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Subscripts and superscripts in four vectors

  1. Feb 3, 2015 #1
    1. The problem statement, all variables and given/known data
    I'm having trouble with understanding four vectors in particle physics.
    I'm reading this wikipedia page,http://en.wikipedia.org/wiki/Einstein_notation, and its telling me that
    ## v^\mu= \begin{pmatrix} \mu_0 \\ \mu_1 \\ \mu_2 \\ \mu_3 \end{pmatrix} ##
    and
    ## v_\mu= \begin{pmatrix} \mu_0 & \mu_1 & \mu_2 & \mu_3 \end{pmatrix} ##
    But the raising indices equation gives
    ## v^\nu= \eta^{\mu\nu} v_\mu ##
    Which doesn't work if I do matrix multiplication with
    ## \eta^{\mu\nu}= \begin{pmatrix} -1 & 0 & 0 & 0 \\ 0 & 1 & 0 & 0 \\ 0 & 0 & 1 & 0 \\ 0 & 0 & 0 & 1 \end{pmatrix} ##
    as it gives ## v^\nu## as a 1x4 not a 4x1 as I would expect from the initial definitions, which leads me to think my initial definitions of the superscripts and subscripts are wrong.

    Could anybody help me out?
    2. Relevant equations
    n/a

    3. The attempt at a solution
    n/a
     
  2. jcsd
  3. Feb 3, 2015 #2
    Where did you get these two formulas from? I do not see them at the quoted Wikipedia page.
     
  4. Feb 3, 2015 #3
    I assumed them from the vector representation section
     
  5. Feb 3, 2015 #4

    TSny

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    Most people write the raising operation as ## v^\nu= \eta^{\nu\mu} v_\mu ## (with the indices on ##\eta## switched from the way you wrote it.) It won't make any difference since the ##\eta## matrix is symmetric, but I thought you might want to know how it is usually written.

    I think of the equation as simply giving me the recipe for finding the value of ## v^\nu##. So, to me, the left hand side is not a 4-vector, but just the ##\nu##th component of the 4-vector. When I use the equation, I'm not thinking in terms of matrix multiplication. I just look at the right side and remember the Einstein summation convention for repeated indices. So,

    ## v^\nu= \eta^{\nu\mu} v_\mu = \eta^{\nu 0} v_0 + \eta^{\nu 1} v_1 + \eta^{\nu 2} v_2 + \eta^{\nu 3} v_3##. The right hand side is just a sum of certain terms and I don't need to visualize it as matrix multiplication.

    Of course you can get the same result by matrix multiplication. But then, you would need to write your covariant vector ##v_\mu## as a column vector rather than a row vector. Or, you could keep ##v_\mu## as a row vector that multiplies the ##\eta## matrix from the left.
     
  6. Feb 3, 2015 #5
    Ok I see how that works now I think. As there's no implicit sum its just the component of a vector. Am I right in thinking though that a subscript usually indicates a row vector, and a superscript a column?
     
  7. Feb 3, 2015 #6
    You wrote "I assumed them from the vector representation section". But there you must be careful. There are two different bases in this section. Unfortunately it is not clearly explained there what are these bases.
     
  8. Feb 3, 2015 #7
    "Am I right in thinking though that a subscript usually indicates a row vector, and a superscript a column?"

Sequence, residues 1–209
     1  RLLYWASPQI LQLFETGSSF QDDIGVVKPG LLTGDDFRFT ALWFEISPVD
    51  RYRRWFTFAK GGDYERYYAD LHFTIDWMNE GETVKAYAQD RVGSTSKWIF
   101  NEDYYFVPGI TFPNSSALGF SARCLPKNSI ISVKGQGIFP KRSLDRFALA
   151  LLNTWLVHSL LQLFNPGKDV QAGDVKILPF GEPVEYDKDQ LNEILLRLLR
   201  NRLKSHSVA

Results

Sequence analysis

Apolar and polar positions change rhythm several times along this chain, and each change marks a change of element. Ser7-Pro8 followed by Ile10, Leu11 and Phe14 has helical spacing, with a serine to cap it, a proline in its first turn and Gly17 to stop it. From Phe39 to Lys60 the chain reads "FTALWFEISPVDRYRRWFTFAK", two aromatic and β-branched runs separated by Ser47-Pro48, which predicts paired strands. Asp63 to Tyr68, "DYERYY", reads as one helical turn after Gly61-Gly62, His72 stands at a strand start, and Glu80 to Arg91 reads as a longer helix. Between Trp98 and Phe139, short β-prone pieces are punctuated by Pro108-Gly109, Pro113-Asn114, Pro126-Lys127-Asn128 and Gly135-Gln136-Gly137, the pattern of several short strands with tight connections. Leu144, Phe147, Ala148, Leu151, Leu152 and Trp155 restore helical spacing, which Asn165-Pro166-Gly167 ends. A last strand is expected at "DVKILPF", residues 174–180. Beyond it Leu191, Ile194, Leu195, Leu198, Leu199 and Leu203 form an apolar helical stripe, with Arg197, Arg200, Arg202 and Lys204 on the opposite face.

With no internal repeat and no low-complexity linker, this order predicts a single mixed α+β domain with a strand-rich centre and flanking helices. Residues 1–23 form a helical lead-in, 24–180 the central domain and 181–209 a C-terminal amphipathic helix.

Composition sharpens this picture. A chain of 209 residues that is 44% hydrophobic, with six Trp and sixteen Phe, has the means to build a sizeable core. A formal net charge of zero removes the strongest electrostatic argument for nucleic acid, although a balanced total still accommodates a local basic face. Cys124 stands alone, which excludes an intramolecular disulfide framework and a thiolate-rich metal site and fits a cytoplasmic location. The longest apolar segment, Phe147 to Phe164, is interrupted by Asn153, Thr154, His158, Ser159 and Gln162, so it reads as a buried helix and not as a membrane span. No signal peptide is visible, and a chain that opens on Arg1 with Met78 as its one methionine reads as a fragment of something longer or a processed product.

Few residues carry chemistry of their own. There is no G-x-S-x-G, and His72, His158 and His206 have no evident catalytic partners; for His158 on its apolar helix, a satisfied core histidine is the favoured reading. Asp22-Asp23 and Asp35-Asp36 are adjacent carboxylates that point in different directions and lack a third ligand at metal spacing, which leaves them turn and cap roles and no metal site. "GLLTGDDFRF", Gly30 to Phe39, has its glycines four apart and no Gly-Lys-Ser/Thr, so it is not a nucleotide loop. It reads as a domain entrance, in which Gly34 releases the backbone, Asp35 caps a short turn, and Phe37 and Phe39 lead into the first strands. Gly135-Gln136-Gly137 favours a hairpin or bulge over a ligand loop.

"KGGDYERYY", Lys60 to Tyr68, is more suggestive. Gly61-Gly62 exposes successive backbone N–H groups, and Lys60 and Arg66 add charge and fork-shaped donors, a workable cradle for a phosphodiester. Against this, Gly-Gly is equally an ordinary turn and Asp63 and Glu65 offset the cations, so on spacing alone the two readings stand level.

That's correct.
     
  9. Feb 3, 2015 #8
    But the basis [itex]e_i[/itex] is a basis of column vectors, while the basis [itex]e^i[/itex] is a basis of row vectors! Can you understand the difference between components of a vector and the index numbering basis vectors? It is important.
     
  10. Feb 3, 2015 #9

    Fredrik

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    If we use the convention that the number on row ##\mu##, column ##\nu## of a matrix ##M## is denoted by ##M^\mu{}_\nu##, then the definition of matrix multiplication is ##(AB)^\mu{}_\nu=A^\mu{}_\rho B^\rho{}_\nu##. It can be convenient to use the notation ##M^\mu## for the ##\mu##th row of ##M## and ##M_\mu## for the ##\mu##th column of ##M##. But ##x^\mu## isn't the ##\mu##th column of a ##4\times 4##-matrix ##x##. It's just a number, the ##\mu##th component of the 4-tuple ##x##. ##x_\mu## is the ##\mu##th component of the 4-tuple ##\eta x##, where ##\eta## denotes the matrix with ##\eta_{\mu\nu}## on row ##\mu##, column ##\nu##. (The convention described above isn't used for ##\eta## or ##\eta^{-1}##).
     
    Last edited: Feb 3, 2015
  11. Feb 3, 2015 #10
    Yeah I think I understand that now, thanks a lot for your help, I see I need to be a lot more careful with what is just a component and what is a matrix. Hopefuly that will come with more practice of this notation.
     
  12. Feb 3, 2015 #11

    Fredrik

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    These earlier posts may be useful:

    https://www.physicsforums.com/threads/covariant-equation-intuition-confusing-me.792310/#post-4976147
    (Skip the first paragraph and start at "The modern...")

    https://www.physicsforums.com/threads/covariant-and-contravariant.789968/page-2#post-4963000

    https://www.physicsforums.com/threads/einstein-notation-notes.770129/#post-4847943

    Edit: If you're not interested in how various n-tuples transform under a change of ordered basis, then you won't find the first two very interesting. But the last one should be useful.
     
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